(Photo via USA Today)
By Elias Cepeda
MMA fighters are typically quite good at talking about participating in the sport in philosophical terms. It is human chess, it is the ultimate competition, they feel peace in the cage or ring after the bell sounds, they get a thrill out of it, it is the most pure sport expression of martial arts, etc.
Most MMA fighters are pretty smart and since they participate in a constantly attacked and judged sport, many have come to see themselves as ambassadors for the sport on the whole.
It is important to remember, however, that professional fighters are prize fighters. That is, no matter what auxiliary benefits they get for fighting other trained athletes, they do it for money.
Fighters fight to put food on their plates and roofs over their heads. Joe Warren never forgets this.
The former Greco Roman wrestling world champion is in his car driving to his home state of Michigan on a recent afternoon. In tow, are the reasons he fights – his family. After winning a world championship, Warren was focused on making the U.S. Olympic team in 2008 and going to Beijing and winning gold.
A failed marijuana test and ensuing two-year suspension slammed that door shut for Warren. It was only then, at the relatively ancient age of thirty two, that he decided to follow in the footsteps of other world-class wrestlers turned fighters like Mark Coleman, Dan Henderson and Matt Lindland and fight MMA.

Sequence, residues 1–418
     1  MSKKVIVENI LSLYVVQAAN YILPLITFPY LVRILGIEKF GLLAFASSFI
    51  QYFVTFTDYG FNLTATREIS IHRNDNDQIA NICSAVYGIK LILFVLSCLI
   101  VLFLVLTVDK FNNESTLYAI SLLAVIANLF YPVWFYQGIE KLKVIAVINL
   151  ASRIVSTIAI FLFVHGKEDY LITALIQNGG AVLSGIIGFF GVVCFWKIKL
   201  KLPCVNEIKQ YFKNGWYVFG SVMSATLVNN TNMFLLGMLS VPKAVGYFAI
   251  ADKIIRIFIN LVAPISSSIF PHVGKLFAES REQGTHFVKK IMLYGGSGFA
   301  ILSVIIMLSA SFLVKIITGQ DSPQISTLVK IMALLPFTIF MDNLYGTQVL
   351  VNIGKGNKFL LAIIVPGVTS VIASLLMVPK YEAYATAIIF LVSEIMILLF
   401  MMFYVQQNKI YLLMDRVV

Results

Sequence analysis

“I was training to win a world championship, I won a world championship and then didn’t get to wrestle in the Olympics,” Warren tells CagePotato on the ride to Michigan.
“While training for wrestling, some of the best fighters ever were in the room. Guys like Randy Couture, Matt Lindland and Dan Henderson. So, it was always in my mind. I started to do a little bit of color commentary but I didn’t have any credibility in fighting because I hadn’t fought. So, I decided to take some fights. I had some babies now and I needed to keep making cash.
So, I called Dan [Henderson] and they got me a fight instantly. In a month, I was in the Featherweight World Grand Prix. I flew out there starting fighting.”
Not only did Warren jump right into the fire against champions like Chase Beebe, “Kid” Yamamoto and Bibiano Fernandes in his very first three fights back in 2009, he did so with only a month of MMA training in his pocket. “I went in there strictly a wrestler,” Warren says.
“I flew out to Team Quest maybe a month before my first fight in Japan. I didn’t have a chance to learn the fighting aspect of it. It was just about safety – keep my hands up.”
Despite his lack of experience and, frankly, skills, Warren did well. He beat Beebe and Yamamoto before losing by submission to Fernandes. Then, he moved on to Bellator and won their featherweight title.